So, let’s compare this to a printed wood sign as an alternative to recycled plastic as your substrate to signage?
Well, I won’t try to be biased on this, as printing onto wood is what we do, but there is a reason we chose this substrate, and here is why.
Wood is a natural product, it is a fantastic renewable source if managed properly, and is also biodegradable and recyclable. Be sure that the wood used of course is either FSC® or PEFC certified, that way you can be sure that the trees come from managed forests, and the company that harvests the wood is socially and ethically audited.
Of course, not all types of wood are equal, MDF (Medium Density Fibre) for example is made from wood, dust and glue. The glue in this case isn’t all that great and this also means it technically isn’t biodegradable in normal circumstances. MDF is made from recycled timber though and the glues are made from natural sources in most cases. Plywood is a lot better as it uses what I call “proper wood veneer”, and solid timber which is literally wood cut from the tree is the ultimate in natural resources.
What are the environmental benefits of wood as a substrate for printing onto?
Our most common material that we use in our products is Birch Plywood, and for good reason. Firstly, it’s from a small wood mill in Finland, and one of the most sustainable managed FSC / PEFC wood mills in the world. The carbon footprint of plywood has a positive net figure.
Confused? Let me explain, timber is known to naturally reduce CO2 in the atmosphere by absorption and it releases oxygen in return. For every dry tonne of manufactured timber, around 1.8 tonnes of CO2 is removed from the atmosphere. CO2 is used when manufacturing and transporting the wood, but even with this taken into account, the CO2 locked into the wood far outweighs the amount it has taken to manufacture it. Compare this to rHDPE, taking Carbon capture alone into consideration, it is a clear winner.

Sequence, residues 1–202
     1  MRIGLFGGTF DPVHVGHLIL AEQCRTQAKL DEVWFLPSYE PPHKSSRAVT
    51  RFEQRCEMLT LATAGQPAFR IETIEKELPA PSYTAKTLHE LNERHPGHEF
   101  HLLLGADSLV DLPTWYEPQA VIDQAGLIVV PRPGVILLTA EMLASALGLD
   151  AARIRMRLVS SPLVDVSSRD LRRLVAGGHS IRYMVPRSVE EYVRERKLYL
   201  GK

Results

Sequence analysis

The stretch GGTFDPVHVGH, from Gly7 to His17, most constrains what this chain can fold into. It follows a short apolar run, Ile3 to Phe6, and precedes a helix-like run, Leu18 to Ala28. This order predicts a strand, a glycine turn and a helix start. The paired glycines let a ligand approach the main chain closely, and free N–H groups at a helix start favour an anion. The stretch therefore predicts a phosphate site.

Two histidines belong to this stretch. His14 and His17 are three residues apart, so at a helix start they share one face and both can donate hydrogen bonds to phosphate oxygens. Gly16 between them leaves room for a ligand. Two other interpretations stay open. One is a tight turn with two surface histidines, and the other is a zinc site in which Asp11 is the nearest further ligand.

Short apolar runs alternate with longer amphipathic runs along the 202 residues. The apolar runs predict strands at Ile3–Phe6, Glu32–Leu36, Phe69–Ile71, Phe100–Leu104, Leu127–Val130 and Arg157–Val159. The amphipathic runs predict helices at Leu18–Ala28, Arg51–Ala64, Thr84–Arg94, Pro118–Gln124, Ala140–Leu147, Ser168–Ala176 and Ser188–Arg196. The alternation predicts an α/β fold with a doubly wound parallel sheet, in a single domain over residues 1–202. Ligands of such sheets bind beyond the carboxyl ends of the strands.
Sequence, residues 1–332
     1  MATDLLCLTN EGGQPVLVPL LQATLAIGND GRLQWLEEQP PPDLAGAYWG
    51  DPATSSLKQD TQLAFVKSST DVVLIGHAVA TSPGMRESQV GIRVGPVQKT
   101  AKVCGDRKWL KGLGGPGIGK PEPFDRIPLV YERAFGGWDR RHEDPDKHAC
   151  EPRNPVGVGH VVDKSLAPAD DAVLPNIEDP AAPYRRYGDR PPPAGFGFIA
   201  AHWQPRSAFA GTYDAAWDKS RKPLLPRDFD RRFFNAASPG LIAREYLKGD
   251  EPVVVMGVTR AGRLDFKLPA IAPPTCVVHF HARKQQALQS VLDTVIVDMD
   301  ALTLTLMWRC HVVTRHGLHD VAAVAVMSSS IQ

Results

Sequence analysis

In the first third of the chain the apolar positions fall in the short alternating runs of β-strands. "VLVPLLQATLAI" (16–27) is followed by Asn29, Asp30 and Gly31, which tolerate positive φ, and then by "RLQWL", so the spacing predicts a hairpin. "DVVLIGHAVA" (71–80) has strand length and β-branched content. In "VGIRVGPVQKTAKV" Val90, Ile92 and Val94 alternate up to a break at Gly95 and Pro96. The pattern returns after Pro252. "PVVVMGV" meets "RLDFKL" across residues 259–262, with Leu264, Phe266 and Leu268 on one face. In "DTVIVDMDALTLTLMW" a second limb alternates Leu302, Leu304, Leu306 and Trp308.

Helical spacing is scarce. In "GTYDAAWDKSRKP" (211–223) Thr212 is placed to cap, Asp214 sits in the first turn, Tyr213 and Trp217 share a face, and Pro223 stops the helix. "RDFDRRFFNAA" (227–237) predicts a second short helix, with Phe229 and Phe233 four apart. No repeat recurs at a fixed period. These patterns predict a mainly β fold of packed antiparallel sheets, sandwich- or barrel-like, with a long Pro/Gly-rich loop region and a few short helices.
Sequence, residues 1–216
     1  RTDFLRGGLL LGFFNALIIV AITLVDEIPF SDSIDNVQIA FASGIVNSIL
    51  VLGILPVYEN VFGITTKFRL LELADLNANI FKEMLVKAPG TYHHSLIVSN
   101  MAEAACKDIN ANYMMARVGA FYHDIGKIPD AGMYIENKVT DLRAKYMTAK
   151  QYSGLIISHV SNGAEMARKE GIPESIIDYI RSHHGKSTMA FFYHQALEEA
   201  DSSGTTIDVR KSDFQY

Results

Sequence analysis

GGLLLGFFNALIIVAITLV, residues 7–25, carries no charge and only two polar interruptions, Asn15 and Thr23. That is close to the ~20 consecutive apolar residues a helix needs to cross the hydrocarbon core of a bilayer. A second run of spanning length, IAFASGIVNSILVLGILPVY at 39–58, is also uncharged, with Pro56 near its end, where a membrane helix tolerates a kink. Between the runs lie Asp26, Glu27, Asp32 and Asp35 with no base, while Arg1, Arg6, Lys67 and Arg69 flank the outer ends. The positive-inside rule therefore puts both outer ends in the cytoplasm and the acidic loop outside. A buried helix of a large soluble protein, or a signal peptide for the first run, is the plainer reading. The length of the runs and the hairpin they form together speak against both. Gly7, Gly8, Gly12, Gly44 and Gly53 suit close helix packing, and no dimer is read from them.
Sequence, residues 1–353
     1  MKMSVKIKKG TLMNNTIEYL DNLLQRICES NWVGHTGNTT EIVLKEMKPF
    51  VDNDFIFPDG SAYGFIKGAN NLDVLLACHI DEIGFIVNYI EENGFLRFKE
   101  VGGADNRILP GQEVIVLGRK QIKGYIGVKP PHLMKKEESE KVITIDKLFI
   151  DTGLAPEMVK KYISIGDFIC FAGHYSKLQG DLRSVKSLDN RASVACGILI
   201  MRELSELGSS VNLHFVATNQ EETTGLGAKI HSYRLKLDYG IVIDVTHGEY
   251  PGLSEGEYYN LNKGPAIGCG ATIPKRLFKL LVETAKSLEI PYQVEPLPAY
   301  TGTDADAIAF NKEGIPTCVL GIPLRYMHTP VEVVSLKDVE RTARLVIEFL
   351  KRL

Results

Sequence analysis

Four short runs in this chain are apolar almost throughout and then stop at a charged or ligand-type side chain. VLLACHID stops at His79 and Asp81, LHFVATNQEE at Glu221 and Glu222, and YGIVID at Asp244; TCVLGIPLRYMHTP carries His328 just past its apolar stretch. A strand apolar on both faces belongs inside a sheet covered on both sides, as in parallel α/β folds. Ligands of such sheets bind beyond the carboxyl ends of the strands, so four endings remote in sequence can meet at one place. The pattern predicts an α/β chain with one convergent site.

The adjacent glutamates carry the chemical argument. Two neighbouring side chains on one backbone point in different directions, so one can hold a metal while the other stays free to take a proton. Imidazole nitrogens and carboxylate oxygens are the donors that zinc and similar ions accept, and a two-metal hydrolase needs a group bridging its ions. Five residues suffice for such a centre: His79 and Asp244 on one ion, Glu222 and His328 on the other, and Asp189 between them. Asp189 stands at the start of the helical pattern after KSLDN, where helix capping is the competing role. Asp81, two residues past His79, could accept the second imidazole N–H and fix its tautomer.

Why are Trees considered as the Earths lungs?
Because, did you know that one, 10 year old broad leaf tree – so think a nice birch tree in your local woodland – is expelling enough oxygen to support 4 adults per day? This highlights the real need to choose FSC / PEFC certified timber, so you know the trees are replanted and managed properly rather than clearing ancient woodlands, or even worse, timber from rainforests.
Is wood a good option for outdoor signage?
Yes! Different wood species and types last longer than others, but if you compare to plastic signs, then an alternative can definitely be found.
We produce a range of temporary wooden signs which we go head-to-head with Corex and Foamboard plastics. They can last just as long in the elements, as well as staying on budget. Other options are available for permanent wooden signs which will last as long as aluminium signage such as Dibond and Vinyls, yet still having the benefits as mentioned above. One such company who has changed over from plastic to wood is The National Trust.
So, to conclude, wood is better than plastic?
We think so, at least in this scenario. Wood removes carbon from the atmosphere, helping reduce climate change whereas plastic adds carbon!
There will always be a need for some plastics, and recycled plastics especially, however, in my opinion, it has to be for the right reasons, such as long-term use in buildings and underwater applications, but never for promotional purposes!